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Tuesday, July 14, 2020

Book review: The Bone Clocks is a giddy, freewheeling, genre-switching literary confection

A giddy, freewheeling, genre-switching literary confection

Written by Yamini Lohia | Updated: October 25, 2014 12:32:35 pm
The Bone Clocks The Bone Clocks

By: Yamini Lohia

Book: The Bone Clocks
Author: David Mitchell
Publisher: Hachette
Price: Rs 699

Michael Chabon, one of the few English language novelists as wildly inventive a storyteller as David Mitchell, once described all novels as sequels. This is particularly true of Mitchell and the sprawling universe he expands and embellishes with each book, creating the literary equivalent of a Russian nested doll. Mitchell aficionados will recognise several of the characters who pop up in The Bone Clocks, his latest, each appearance shifting the worlds of his previous novels in some small way. In a cultural environment steeped in the pleasures of shared universes and interconnected stories, Mitchell’s recurring motifs from Cloud Atlas (which The Bone Clocks most closely resembles) and The Thousand Autumns of Jacob De Zoet are both a delight to unearth and a breathtaking deployment of narrative skill.

The Bone Clocks is a giddy, freewheeling, genre-switching literary confection by itself, part young adult fantasy and part aching meditation on mortality, but as another instalment in a master conjurer’s evolving macro-novel, it is an outrageously ambitious tour de force.

The novel begins with Holly Sykes, a teenager, gushing over her first love in England in 1984. Parental discord follows, and, in the finest literary tradition of adolescents with stories to tell, Holly runs away from home. As she wanders through the countryside, her encounters unspool a supernatural thread that undergirds the narrative.

From there, the novel abruptly shifts gears, hopping time, space and voice to 1990s Cambridge. Our new narrator is Hugo Lamb, a deliciously sociopathic undergrad who becomes Holly’s lover (and who some will recognise as the cool, mean-spirited cousin from Black Swan Green). Mitchell is a gifted ventriloquist, and he is at his most consummate when inhabiting the skins of Hugo or, later, in a masterstroke of self-parody, an over-the-hill, curmudgeonly writer, with a passing resemblance to Martin Amis, who is  obsessed with exacting vengeance on a reviewer who savaged his latest book.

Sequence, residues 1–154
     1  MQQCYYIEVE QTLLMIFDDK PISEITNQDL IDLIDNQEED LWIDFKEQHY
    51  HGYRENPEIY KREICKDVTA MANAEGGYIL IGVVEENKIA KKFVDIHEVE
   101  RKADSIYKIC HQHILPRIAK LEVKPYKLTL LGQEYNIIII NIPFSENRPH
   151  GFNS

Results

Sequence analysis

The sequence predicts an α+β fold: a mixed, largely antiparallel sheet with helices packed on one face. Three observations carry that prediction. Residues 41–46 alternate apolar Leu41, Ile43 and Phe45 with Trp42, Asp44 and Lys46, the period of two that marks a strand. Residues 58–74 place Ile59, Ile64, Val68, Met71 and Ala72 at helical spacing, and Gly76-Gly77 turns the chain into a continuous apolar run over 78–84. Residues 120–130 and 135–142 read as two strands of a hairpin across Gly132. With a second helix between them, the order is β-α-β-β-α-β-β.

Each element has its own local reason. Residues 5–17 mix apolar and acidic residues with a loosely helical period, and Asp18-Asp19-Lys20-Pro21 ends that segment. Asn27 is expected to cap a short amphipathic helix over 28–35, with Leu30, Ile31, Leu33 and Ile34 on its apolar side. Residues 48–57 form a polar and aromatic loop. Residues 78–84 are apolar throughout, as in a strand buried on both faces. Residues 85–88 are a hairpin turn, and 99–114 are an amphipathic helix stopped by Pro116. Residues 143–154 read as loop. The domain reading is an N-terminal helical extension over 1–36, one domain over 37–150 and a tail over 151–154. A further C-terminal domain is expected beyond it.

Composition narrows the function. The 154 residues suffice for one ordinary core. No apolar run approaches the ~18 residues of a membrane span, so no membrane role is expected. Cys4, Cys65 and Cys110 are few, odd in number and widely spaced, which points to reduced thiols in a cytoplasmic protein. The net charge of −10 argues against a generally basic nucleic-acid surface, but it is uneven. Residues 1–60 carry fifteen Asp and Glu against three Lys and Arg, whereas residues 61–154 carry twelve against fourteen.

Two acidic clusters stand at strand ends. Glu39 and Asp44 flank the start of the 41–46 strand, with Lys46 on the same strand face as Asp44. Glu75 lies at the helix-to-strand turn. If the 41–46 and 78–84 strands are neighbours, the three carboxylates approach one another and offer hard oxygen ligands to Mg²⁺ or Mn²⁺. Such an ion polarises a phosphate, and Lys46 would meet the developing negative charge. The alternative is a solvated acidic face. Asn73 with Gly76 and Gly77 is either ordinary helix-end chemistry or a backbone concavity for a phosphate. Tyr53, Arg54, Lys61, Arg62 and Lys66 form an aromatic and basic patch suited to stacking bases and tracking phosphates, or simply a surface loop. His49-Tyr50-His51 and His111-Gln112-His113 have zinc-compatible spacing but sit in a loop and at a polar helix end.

Over its 600 pages, the book spans some 60 years in six overlapping, intricately constructed novellas, told through the eyes of five very distinct narrative voices. At different moments, it is a fantasy, a soap opera, a hard-boiled war chronicle. It is adept at straddling the line between the real and unreal — which Mitchell has always treated as permeable, anyway — taking a metaphysical thriller tinged with apocalyptic despair, and infusing it with humanity and fears of death and dying. In each of its different modes, the metafictional hijinks unfold via consistently brilliant prose.

But somewhere along the dizzying, continent-jumping adventure Mitchell takes us on, a sense of exhaustion descends, the unceasing barrage of trickery beginning to feel like a sleight of hand with no grand truths to reveal.

The final section reverses some of this, where the bombastic scope of the previous section is abandoned for something more intimate. The conclusion is genuinely affecting. Much of the novel is arresting in imagination and execution. If only Mitchell were less distracted by the razzle-dazzle, particularly in the fifth section, which even devoted fans of fantastical flourishes and tropes might find tedious, The Bone Clocks could have been the crowning glory of his glorious career.

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